Use Hampden lands for agro-park, says North Trelawny MP
Victor Wright, the member of parliament for North Trelawny, is recommending that some of the lands at the Hampden Sugar Estate, where the emphasis has shifted from sugar to rum production, should be used to grow other crop in an agro-park-style setting, which would ultimately boost economic growth.
"At Hampden, there is a 90-hectare drip system that is installed that was not used, and I think it would make good sense for an agro-park to go there," said Wright, while addressing a recent Gleaner Growth Forum in Falmouth.
Wright, a trained agronomist, explained that plans to develop an agro-park in the vicinity of the Everglades Farms-owned Hampden Estate, which is situated near the border of Trelawny and St James, was drafted in 2003 during his tenure as an employee of the Sugar Company of Jamaica Limited (SCJ).
"At Hampden, there is an underground infrastructure for drip irrigation, and we had rehabilitated a pump for the same agro-park concept from as far back as 2003. We at SCJ were going to put in a centralised irrigation system and a centralised marketing system, and then give those lands to select partners," said Wright, who wants to see those plans revitalised.
"We had, in the first stage, planted pumpkin and scallion and other vegetables there, so it would be good for vegetable crops because of the soil type," continued Wright.
"We had partnered with RADA (Rural Agricultural Development Authority) and had done the costing for each of the different crops ... . I know the plan was still being looked at in 2007, but SCJ was just not given the mandate to go ahead because of the turn the sugar industry was taking at the time, heading straight into divestment."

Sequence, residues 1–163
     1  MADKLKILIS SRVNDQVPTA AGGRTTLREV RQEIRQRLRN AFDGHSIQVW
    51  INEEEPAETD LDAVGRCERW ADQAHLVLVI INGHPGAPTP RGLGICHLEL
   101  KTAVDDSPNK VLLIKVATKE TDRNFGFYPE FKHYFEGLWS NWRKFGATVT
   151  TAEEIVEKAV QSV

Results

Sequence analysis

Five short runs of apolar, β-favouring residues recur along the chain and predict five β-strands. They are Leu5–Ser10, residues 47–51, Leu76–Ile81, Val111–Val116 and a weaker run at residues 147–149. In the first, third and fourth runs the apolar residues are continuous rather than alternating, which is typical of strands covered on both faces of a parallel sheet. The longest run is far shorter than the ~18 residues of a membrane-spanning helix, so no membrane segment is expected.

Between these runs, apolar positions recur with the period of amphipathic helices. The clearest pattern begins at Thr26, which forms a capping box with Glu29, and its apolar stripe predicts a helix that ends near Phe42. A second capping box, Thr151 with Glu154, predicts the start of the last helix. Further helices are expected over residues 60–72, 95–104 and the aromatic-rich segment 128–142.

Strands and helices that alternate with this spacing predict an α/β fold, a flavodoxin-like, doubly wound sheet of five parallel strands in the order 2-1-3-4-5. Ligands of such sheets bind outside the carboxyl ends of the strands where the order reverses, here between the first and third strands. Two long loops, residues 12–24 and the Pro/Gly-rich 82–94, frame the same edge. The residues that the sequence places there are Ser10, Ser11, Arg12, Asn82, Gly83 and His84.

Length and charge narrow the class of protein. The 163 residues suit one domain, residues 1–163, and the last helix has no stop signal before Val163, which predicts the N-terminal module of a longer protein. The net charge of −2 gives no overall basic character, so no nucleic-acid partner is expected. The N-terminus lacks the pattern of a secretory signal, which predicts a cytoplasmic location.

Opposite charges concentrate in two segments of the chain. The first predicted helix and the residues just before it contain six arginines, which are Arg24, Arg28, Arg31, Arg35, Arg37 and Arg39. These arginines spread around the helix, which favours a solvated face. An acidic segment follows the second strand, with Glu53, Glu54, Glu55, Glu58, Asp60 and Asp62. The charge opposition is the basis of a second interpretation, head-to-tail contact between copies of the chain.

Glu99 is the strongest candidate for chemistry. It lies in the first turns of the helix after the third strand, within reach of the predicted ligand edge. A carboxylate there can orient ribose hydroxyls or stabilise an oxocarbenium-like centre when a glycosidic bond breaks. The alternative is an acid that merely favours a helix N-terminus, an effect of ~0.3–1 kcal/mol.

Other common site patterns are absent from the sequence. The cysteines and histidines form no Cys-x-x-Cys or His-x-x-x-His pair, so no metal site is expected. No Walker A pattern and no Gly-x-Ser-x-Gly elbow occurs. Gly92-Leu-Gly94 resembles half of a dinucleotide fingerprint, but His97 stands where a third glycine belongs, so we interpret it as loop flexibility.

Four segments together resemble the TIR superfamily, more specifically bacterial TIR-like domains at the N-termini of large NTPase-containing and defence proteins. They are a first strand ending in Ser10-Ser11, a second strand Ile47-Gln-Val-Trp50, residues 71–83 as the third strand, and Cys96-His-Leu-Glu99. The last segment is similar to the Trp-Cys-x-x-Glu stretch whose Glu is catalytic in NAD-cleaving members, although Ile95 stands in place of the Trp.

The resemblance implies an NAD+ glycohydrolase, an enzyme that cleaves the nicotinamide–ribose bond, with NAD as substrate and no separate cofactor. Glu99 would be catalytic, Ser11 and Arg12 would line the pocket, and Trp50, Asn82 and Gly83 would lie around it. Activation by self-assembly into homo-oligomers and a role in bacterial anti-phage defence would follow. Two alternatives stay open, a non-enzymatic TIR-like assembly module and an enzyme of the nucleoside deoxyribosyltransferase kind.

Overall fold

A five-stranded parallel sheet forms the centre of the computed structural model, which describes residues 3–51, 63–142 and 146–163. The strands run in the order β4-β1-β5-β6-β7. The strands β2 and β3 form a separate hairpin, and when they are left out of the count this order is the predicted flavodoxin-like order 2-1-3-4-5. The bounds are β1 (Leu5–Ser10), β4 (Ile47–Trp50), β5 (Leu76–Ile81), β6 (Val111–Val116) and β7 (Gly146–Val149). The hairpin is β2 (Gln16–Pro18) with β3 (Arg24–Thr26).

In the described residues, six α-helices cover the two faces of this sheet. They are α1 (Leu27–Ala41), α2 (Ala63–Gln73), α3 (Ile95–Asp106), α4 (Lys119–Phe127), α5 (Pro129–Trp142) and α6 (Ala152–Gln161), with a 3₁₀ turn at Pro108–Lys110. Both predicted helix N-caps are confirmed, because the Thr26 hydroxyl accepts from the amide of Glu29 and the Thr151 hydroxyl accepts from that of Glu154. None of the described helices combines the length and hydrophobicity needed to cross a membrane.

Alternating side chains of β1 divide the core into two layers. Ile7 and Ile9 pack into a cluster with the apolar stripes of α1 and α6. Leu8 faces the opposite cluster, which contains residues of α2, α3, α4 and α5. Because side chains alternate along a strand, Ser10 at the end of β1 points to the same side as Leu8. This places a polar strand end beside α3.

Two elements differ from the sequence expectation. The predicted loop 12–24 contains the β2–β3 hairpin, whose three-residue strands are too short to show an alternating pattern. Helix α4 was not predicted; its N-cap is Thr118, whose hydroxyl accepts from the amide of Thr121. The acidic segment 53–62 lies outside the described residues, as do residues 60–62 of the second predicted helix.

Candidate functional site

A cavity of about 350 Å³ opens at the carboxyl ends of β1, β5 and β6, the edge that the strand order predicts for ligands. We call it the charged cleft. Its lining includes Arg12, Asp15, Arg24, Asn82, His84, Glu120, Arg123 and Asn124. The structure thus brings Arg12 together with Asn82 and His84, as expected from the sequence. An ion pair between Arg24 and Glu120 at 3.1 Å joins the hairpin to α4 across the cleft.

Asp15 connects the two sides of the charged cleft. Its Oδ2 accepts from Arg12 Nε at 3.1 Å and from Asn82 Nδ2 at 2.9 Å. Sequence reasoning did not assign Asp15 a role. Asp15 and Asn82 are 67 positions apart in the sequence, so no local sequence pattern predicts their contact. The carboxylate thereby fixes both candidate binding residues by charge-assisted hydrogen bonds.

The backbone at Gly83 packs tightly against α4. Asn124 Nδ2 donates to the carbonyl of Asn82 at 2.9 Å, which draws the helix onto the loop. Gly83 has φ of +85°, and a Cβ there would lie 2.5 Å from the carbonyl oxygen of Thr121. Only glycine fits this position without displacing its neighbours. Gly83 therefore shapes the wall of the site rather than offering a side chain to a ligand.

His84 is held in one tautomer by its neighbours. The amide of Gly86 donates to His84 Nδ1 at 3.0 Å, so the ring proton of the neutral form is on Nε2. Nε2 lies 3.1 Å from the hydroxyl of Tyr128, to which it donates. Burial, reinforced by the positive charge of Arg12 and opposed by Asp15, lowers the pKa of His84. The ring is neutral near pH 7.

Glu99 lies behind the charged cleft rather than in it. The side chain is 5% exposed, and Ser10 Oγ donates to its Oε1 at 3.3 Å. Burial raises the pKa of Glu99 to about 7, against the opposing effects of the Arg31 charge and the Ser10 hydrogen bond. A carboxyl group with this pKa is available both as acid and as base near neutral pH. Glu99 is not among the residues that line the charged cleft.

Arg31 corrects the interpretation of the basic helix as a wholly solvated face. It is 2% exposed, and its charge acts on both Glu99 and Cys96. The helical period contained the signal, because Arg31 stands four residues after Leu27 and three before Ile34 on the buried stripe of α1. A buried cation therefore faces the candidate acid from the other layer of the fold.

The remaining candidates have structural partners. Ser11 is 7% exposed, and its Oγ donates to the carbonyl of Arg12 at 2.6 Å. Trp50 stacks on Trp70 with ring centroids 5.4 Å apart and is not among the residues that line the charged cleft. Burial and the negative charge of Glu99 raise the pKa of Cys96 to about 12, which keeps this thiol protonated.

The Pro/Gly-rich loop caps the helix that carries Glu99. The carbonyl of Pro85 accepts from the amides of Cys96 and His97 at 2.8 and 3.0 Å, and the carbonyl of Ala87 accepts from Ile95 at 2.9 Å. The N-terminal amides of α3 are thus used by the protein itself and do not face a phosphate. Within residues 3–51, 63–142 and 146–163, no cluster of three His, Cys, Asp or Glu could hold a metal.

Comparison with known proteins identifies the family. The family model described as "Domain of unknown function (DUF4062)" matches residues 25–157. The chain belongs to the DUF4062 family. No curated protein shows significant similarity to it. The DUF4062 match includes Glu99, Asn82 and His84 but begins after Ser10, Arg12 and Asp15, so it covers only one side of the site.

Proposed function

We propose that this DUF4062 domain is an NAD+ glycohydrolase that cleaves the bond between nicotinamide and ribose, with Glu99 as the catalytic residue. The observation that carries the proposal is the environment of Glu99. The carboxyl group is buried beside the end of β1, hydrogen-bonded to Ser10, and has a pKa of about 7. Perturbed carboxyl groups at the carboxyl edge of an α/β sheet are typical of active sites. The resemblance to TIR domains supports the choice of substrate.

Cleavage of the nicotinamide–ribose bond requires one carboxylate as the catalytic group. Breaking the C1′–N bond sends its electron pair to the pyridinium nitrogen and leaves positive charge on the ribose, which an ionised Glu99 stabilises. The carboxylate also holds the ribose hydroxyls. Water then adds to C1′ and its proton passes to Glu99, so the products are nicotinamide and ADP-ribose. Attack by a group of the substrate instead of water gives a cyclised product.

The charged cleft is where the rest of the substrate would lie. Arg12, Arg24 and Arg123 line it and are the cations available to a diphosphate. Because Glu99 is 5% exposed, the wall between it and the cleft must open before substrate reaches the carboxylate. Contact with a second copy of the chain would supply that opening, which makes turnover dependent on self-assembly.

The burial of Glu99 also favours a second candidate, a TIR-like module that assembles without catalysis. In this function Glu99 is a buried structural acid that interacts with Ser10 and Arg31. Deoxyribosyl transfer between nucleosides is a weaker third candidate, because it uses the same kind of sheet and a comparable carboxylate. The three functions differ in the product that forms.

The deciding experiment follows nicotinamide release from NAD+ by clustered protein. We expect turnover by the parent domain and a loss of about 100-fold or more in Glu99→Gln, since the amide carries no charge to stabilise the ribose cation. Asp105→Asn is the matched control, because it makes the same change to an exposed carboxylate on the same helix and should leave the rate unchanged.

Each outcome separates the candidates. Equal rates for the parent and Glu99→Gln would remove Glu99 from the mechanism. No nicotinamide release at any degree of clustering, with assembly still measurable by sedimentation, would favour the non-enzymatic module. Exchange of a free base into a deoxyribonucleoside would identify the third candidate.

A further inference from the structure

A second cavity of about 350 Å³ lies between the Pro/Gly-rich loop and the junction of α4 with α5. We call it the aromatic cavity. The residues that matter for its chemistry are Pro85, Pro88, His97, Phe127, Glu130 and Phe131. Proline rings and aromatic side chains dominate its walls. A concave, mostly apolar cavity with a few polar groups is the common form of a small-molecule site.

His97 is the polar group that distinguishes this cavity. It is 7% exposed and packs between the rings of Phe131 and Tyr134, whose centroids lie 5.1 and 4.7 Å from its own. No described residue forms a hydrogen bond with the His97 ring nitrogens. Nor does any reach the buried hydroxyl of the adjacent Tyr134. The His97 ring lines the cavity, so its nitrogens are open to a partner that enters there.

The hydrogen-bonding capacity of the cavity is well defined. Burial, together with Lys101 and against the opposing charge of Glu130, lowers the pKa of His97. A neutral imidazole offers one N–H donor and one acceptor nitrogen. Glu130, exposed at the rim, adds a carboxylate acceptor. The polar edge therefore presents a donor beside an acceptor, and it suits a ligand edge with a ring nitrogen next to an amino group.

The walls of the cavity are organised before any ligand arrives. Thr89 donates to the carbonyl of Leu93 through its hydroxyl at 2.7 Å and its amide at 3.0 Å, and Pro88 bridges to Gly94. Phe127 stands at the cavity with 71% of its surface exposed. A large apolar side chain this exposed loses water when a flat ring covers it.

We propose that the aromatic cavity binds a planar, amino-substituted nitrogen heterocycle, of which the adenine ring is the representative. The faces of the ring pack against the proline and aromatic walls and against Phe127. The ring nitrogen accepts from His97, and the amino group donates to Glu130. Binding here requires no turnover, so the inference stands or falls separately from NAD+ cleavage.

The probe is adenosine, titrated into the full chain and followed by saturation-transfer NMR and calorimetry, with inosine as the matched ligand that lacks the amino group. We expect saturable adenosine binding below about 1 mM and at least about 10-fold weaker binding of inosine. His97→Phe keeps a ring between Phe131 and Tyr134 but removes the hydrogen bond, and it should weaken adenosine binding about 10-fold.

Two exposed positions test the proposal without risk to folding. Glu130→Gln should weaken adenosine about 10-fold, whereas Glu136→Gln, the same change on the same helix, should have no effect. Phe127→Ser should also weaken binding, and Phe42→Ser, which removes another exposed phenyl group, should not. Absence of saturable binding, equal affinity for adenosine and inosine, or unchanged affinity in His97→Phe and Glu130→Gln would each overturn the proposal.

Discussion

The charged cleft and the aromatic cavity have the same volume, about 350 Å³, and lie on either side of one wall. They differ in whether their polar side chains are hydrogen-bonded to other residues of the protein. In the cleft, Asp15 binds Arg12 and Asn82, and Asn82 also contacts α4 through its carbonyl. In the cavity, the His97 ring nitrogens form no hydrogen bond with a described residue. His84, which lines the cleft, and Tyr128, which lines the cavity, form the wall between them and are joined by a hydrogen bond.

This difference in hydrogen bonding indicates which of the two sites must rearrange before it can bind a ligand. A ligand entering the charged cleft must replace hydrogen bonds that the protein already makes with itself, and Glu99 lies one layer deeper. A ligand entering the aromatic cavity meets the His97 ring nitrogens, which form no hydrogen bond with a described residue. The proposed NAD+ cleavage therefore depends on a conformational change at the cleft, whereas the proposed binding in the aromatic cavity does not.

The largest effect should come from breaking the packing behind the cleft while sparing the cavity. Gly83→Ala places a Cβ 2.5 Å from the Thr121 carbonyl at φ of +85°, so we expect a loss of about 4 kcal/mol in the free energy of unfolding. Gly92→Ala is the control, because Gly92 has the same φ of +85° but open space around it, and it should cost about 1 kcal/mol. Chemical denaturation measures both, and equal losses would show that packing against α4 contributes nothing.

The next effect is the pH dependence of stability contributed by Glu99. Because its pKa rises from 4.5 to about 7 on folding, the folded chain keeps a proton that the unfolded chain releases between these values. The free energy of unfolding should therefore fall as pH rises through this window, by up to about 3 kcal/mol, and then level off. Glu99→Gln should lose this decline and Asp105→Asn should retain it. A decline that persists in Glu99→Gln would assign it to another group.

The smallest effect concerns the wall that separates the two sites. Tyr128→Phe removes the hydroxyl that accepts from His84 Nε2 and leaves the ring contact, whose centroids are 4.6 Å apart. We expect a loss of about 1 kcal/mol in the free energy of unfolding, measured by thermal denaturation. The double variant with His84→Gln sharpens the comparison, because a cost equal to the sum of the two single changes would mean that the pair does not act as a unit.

NEW HAMPDEN OWNERS
The Hampden Estate, which was founded in 1753, is part of a historic tradition of sugar manufacturing in Jamaica. In the 2009 divestment of the local sugar industry, the Hussey family-owned Everglades Farms became its new owners.
"The infrastructure is there, and because the land was sold to Everglades, I do not think anything was ever done to the infrastructure. It is something that can be looked at," continued Wright.
"What was lacking was the basic infrastructure in terms of irrigation, and all of it is there; it just needs to be revised."
In speaking to a proposal he made some time ago, Dennis Meadows, the JLP caretaker for North Trelawny, said alternative crops should be considered in order to give sugar workers other options to improve their own livelihoods.
"I proposed that, of the parcels of land in the region of Everglades, where over 5,000 hectares of land are used and the remainder is not being used ... that these lands be made available to workers, whether in the form of lease or lease-purchase in the long term, so they can pursue alternative crops...," said Meadows.
"Sugar is a dying industry, and when you look on all the sugar belts, you do not see the attendant development in terms of improved housing and infrastructure. What you see in these sugar belts is abject poverty ... ," added Meadows.